Violinist William Hagen is bringing international experience to his performance of Beethoven’s Violin Concerto today on the campus of BYU-Idaho. 

Hagen, an internationally-acclaimed performing violinist from Salt Lake City, will perform tonight in the Barrus Concert Hall in the Snow Building.  

The concert is at 7:30 p.m. Tickets were still available as of this morning at $6 for BYU-Idaho students and $10 for the general public. Those are available here. 

Prior to the event, Hagen sat down to speak about the performance and his career in an interview with BYU-Idaho Radio. 

This is the first time Hagen, who has played everywhere from London and Paris to Serbia and Savannah, will be performing the Beethoven Violin Concerto, which is widely considered to be one of the greatest concertos ever written. 

Originally created for piano performance, the piece is quite long for a concerto—roughly 45 minutes. Clearly, that’s a lot to memorize, but Hagen described a unique approach to preparing for a performance. 

“If you’re telling a story rather than just putting your fingers in the right place, then you can memorize,” he said.  “If you’re just worried about putting your fingers in the right place, then it turns into this nightmare.”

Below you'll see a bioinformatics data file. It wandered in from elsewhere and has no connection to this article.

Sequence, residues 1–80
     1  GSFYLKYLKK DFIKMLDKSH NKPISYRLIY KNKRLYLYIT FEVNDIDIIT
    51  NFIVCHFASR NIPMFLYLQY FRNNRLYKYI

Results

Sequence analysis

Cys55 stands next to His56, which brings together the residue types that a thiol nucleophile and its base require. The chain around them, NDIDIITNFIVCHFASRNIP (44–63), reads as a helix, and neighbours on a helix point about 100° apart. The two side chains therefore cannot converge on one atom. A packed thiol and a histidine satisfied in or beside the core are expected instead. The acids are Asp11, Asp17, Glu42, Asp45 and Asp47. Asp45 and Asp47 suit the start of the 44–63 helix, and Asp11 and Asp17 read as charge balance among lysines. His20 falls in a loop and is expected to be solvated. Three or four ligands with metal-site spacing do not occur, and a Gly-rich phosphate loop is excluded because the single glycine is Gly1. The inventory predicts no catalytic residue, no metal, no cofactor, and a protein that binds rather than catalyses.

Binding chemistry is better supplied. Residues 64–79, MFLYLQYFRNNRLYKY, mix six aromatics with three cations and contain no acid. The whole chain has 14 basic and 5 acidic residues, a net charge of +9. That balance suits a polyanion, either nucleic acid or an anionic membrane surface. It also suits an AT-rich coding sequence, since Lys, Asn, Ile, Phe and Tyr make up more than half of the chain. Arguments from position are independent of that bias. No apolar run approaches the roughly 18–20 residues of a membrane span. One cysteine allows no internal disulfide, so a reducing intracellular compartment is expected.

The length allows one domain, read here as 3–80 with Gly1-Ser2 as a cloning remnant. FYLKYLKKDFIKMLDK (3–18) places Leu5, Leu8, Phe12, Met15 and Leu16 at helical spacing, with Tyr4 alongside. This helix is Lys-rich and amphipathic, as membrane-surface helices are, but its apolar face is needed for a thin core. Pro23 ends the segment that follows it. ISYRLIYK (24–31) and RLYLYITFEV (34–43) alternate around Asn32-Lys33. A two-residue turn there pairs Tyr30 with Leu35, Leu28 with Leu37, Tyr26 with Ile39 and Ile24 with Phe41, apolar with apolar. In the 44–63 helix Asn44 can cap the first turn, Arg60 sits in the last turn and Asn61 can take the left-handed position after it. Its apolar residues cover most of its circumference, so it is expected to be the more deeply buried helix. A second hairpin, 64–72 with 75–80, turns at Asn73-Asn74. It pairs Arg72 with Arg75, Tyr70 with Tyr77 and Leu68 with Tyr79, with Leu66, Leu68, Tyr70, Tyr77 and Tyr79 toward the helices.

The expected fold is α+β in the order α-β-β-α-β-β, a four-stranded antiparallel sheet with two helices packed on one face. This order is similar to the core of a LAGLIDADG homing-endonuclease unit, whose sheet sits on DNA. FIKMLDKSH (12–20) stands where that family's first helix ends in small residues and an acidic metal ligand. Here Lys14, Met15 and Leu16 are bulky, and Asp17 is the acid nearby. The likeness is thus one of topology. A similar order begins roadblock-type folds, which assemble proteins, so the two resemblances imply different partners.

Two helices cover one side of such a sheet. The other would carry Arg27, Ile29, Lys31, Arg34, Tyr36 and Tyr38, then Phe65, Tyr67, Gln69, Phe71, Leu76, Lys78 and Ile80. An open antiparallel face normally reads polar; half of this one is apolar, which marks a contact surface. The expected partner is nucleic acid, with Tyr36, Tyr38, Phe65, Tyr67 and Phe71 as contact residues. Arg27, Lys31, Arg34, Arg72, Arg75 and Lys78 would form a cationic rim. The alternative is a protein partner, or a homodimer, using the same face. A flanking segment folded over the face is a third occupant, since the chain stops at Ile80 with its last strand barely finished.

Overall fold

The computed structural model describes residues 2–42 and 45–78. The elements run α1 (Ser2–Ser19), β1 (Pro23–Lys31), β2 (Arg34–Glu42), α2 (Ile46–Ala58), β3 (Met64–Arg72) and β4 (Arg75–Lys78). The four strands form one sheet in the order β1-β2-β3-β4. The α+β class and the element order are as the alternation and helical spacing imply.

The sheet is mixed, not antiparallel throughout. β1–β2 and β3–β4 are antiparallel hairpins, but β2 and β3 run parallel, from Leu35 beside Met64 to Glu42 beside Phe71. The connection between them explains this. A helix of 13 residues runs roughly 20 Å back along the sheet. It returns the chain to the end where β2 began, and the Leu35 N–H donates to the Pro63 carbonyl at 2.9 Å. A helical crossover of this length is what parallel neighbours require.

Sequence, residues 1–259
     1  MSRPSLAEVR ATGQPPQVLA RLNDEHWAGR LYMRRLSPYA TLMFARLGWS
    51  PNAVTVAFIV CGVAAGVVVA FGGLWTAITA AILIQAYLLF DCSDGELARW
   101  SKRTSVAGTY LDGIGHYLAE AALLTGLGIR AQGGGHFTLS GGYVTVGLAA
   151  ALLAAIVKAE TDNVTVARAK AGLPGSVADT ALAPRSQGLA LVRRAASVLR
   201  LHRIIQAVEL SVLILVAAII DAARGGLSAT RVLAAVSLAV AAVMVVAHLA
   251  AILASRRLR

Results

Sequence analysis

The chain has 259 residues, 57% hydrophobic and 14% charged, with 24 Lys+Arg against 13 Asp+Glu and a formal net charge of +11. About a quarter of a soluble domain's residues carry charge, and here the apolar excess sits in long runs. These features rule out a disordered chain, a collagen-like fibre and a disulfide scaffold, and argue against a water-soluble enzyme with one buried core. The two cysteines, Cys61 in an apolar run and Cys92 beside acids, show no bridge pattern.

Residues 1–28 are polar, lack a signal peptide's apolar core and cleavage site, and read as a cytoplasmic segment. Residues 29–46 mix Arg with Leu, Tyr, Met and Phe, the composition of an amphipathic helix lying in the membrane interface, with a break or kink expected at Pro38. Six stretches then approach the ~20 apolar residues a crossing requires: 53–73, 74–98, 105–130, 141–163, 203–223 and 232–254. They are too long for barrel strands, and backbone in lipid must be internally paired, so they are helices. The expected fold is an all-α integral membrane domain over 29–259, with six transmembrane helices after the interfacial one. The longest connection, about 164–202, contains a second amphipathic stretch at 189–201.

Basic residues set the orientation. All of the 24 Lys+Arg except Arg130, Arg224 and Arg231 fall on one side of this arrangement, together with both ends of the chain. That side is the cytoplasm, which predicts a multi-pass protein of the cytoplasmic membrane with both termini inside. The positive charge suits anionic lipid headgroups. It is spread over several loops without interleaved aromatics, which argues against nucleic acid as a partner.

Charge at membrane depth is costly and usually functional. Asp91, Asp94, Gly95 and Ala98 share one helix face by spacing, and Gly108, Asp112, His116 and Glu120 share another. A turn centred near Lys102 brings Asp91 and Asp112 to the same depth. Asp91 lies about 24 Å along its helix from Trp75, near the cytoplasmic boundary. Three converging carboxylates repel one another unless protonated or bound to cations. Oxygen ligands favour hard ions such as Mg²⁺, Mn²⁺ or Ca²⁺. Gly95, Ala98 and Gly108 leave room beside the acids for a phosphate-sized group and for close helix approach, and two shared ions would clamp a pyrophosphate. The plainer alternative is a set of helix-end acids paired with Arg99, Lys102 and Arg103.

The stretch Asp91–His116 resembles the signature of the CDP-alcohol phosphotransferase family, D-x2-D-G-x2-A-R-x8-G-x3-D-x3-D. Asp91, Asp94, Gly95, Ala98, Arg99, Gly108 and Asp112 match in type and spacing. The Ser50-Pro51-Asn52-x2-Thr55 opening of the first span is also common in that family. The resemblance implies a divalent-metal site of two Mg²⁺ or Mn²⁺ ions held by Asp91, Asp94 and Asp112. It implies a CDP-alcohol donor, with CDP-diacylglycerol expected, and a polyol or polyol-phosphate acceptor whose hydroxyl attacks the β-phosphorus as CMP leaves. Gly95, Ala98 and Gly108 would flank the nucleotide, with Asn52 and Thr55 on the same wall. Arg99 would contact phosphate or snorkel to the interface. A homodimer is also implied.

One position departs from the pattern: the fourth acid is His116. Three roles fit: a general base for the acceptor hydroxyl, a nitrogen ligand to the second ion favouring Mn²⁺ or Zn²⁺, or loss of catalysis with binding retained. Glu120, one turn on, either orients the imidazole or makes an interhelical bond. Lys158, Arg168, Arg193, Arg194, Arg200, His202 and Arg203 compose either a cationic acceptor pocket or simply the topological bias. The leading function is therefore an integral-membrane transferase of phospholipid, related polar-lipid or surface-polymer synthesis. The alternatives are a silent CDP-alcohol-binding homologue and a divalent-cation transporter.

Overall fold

He’s been listening to that piece, which he described as “pure,” for many years, which undoubtedly gave him some help in that memorization part. 

Hagen began playing the violin at age four, after begging for one as a gift as a three-year-old. It was winning a competition at age eight that helped him realize he could pursue music. This helped shift his eight-year-old mind away from baseball and toward the violin. 

Simply put, “I just love playing the violin,” he said. 

The violinist is through his studying years and is spending more and more time teaching now, he said. 

Teaching private lessons has been a learning experience for him, as well, though. It’s helped him share his love for music with others. 

 “Classical music just creates this emotion inside you…which, at least I, feel so deeply,” he said. “It’s my interpretation, nobody can tell me it’s wrong. Everybody in the audience listening to the Beethoven [concerto] could have a completely different impression of what’s going on.” 

Though being a professional musician is difficult, citing the relatively low-level of predictability as to where and when performances and recordings will come, Hagen said it’s his love for music that keeps him motivated. 

The artist’s official website is